ExoWeb’s Entity System

In this post I present a short overview of the key concepts that describe how ExoWeb establishes JavaScript “classes” on the client to represent entities in your object model. Because its brand new, the first question however is: what is ExoWeb?  Bryan Matthews in his overview of ExoWeb (read it!) has a nice description: “ExoWeb exists to bridge the gap between the client and server.”  In other words its a JavaScript library that moves your app’s object model to the web browser to make AJAX-style apps easier.

Luckily the classes ExoWeb generates for your entities will likely seem quite familar to you. ExoWeb lets you write JavaScript like this (contrived example):

// prompt for the person's new name
myPerson.set_Name(window.prompt("Edit Name", p.get_Name()));
// insert a new dog as a pet
myPerson.set_Pet(new Dog({Name: "Fido", Weight: "20"}));
// save the changes on the server
window.context.server.save(myPerson);

We’ve done our best to make sure the parts and pieces that comprise the ExoWeb entity system work consistently, fit together cleanly and take advantage of JavaScript’s language features. Here is a short overview of the essential concepts as to how ExoWeb entity classes and objects work (after they have been loaded on the client — more on that another day):

Classes

Client-class per server-class – There’s one JavaScript class generated by ExoWeb for each class in your server-side object model. Classes can be selectively loaded for efficency so only the classes you need are sent to the client.

JavaScript friendly – Each entity class comes with all of the standard benefits of javascript classes so new, instanceof, prototypes and inheritance all work as expected:  new Person() instanceof Person == true.

Inheritance – Classes support single inheritance implemented via JavaScript prototyping. All generated entity classes ultimately derive from ExoWeb.Model.Entity.

Object Identity, Construction and Pooling

Object ids – Every instance, including yet to be persisted ones, have a single string identifier associated with it.  If server-side objects have non-string ids (such as numbers, guides, or multipart ids) they will be converted to a string representation for use in the client object model.

Every instance has a unique id – No two instances can share the same ID. Period.

Equals (==) works – new Person(1) == new Person(1).

New objects have ids too, and they may change – A client-only id is assigned to new, yet to be persisted, objects. If the object is later persisted and an ID is assigned server-side, ExoWeb will reflect the new id on the client but keep the temporary one around behind the scenes so that they are both valid references.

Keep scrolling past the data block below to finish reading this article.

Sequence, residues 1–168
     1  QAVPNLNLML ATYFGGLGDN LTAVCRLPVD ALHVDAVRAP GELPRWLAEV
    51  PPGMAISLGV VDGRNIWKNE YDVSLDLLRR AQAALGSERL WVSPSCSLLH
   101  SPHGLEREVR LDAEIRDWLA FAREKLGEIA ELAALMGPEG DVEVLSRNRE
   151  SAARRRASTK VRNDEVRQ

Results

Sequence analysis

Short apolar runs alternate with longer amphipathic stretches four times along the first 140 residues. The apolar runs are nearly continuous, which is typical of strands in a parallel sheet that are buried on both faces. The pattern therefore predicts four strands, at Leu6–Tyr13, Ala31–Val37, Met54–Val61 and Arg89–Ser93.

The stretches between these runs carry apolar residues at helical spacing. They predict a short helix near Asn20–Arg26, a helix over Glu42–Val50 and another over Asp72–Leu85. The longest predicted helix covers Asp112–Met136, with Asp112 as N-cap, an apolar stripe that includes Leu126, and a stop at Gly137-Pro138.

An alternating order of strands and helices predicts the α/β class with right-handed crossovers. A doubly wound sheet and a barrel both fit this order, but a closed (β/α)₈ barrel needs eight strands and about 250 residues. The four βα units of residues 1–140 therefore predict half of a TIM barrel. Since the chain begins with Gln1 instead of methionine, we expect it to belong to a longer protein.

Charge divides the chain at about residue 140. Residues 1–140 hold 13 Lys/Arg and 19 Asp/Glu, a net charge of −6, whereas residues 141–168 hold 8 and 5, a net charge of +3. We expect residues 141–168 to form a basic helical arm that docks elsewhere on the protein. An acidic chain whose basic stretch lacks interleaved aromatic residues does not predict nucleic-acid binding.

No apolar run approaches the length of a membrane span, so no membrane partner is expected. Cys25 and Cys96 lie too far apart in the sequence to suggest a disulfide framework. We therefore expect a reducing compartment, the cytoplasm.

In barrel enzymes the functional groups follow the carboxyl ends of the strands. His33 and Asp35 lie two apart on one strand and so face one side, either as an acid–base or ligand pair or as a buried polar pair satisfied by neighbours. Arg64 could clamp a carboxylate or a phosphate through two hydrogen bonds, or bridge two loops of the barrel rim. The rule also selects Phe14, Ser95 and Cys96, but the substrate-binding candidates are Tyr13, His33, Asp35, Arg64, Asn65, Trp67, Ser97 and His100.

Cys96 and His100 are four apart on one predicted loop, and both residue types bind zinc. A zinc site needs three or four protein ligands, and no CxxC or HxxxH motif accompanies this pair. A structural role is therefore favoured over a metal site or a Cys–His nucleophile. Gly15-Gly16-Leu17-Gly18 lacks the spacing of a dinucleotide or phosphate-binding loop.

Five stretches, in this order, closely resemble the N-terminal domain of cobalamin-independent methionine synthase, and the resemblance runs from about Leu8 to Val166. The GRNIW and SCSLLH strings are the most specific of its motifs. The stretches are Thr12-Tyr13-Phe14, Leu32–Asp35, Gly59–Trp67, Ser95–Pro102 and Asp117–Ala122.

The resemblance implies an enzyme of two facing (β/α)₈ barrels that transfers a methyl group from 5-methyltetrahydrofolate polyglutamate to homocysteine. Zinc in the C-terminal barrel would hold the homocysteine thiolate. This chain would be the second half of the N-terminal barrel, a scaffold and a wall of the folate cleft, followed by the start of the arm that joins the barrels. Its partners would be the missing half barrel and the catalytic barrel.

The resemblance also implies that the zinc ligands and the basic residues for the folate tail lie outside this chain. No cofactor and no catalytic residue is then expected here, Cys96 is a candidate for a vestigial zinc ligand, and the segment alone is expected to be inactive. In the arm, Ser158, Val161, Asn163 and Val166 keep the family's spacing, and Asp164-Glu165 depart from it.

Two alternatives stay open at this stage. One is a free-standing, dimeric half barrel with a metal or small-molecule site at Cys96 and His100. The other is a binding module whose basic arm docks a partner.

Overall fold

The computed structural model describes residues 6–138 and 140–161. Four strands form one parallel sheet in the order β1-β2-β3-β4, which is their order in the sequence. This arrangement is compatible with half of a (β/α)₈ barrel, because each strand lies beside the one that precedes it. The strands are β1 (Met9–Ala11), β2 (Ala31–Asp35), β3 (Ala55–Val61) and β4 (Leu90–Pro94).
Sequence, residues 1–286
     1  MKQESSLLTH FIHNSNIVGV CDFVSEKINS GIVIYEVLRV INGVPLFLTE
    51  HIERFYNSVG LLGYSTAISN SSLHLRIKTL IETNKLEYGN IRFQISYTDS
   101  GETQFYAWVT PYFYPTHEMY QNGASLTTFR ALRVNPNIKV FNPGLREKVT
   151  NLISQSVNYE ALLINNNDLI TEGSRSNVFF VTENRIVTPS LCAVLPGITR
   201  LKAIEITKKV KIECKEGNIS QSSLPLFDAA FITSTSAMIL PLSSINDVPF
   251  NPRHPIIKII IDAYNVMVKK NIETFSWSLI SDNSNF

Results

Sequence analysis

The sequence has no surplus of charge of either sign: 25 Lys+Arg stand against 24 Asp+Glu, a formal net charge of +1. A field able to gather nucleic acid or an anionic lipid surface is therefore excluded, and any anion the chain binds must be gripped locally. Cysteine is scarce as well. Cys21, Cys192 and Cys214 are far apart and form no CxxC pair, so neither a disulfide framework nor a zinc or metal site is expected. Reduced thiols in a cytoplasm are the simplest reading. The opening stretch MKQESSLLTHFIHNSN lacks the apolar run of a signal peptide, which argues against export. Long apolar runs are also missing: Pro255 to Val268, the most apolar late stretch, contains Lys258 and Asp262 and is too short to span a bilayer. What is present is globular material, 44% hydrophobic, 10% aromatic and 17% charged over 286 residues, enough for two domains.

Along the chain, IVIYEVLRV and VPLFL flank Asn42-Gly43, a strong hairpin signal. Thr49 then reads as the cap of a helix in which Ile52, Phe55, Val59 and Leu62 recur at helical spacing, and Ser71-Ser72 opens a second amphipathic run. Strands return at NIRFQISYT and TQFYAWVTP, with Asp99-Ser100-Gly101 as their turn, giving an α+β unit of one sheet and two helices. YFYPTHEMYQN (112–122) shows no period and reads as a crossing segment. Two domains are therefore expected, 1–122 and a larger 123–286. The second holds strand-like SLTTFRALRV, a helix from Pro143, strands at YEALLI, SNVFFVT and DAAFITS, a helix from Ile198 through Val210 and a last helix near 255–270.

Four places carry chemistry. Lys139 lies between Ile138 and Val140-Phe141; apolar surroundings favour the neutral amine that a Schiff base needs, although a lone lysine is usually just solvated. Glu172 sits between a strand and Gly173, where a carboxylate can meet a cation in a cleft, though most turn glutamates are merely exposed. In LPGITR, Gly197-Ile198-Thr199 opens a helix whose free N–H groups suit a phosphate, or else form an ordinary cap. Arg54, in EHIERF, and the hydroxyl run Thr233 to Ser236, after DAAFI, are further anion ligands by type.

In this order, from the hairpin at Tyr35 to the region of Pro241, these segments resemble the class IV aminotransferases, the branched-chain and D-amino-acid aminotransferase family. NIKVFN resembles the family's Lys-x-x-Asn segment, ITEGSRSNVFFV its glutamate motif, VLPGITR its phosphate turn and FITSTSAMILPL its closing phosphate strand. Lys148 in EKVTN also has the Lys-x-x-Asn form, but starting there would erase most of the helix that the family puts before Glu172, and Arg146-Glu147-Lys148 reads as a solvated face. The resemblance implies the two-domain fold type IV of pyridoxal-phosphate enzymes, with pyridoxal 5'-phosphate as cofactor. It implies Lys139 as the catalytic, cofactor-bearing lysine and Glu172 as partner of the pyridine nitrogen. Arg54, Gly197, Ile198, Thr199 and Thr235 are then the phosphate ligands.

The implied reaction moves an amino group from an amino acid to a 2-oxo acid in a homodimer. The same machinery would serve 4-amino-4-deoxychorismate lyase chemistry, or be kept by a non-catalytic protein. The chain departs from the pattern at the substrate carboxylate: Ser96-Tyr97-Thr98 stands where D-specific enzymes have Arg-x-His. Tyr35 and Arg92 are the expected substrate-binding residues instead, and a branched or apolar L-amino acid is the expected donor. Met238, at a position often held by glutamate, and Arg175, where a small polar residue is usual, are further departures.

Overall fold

Objects are created via their constructor – This works as you’d expect. If the object already exists server-side, pass its ID into the constructor: new Person(); or, new Person(1).  There are also some shortcut constructors to combine construction and property (see the pet example at the beginning of this post).

Objects are pooled – ExoWeb tracks objects in an object pool.  Object construction queries and updates the pool as needed.  Invoking the same constructor with the same ID twice will result in a single object being created (new Person(1) === new Person(1))

Pooling works with inheritance – Subclass instances appear in their base class’ pools. new Dog(32) === Animal.meta.get(32)

Object Properties and Methods

Objects have properties – The properties are generated based on the server-side object model.

Objects have methods – Methods are generated based on the server-side object model and cause a server roundtrip to occur when invokved.  Client-only methods can also be defined.

Property getters/setters – Properties are accessed via getters and setters:  myObj.set_FirstName(“George”); myObj.get_FirstName().  This may seem annoying, and should be familar to Java developers, but is required so that eventing, validation and rules will work.

Properties are typed – Each property is of a specific type and both either entity types or javascript intrinsic types are supported. If a property’s value is set to the wrong type and exception is thrown and the value is discarded.

Property change eventing – Events are raised when properties change which can trigger UI updates.  Changes are tracked behind the scenes by ExoWeb so they can be persisted later.

Property validation – Properties are validated based on metadata provided by your ORM. Validation events can be used to drive validation presentation in the UI.  Checkout the jQuery plugin we’ve put together that makes this easy.

Client-only properties – Properties can be declared in JavaScript on the client to help simplify certain UI tasks.  Checkout the $extend() function for more details.

Calculated properties – Properties can have calculated values.  ExoWeb automatically recalculates the property when one of its dependencies change. Like other all properties, a change events are raised so the UI can reflect the changes.

Metadata

Class metadata – Information about each entity type, such as properties, are available client-side through the type’s meta property:  Person.meta

Object metadata – Each object has metadata, such as its identity and type metadata, accessible via its meta object:  myObj.meta

Conditions metadata – Information calculated about the current state of each object are tracked as object conditions.  This includes things like validation errors and basic security checks. This concept was taken directly from ExoRule, our open source rules engine.

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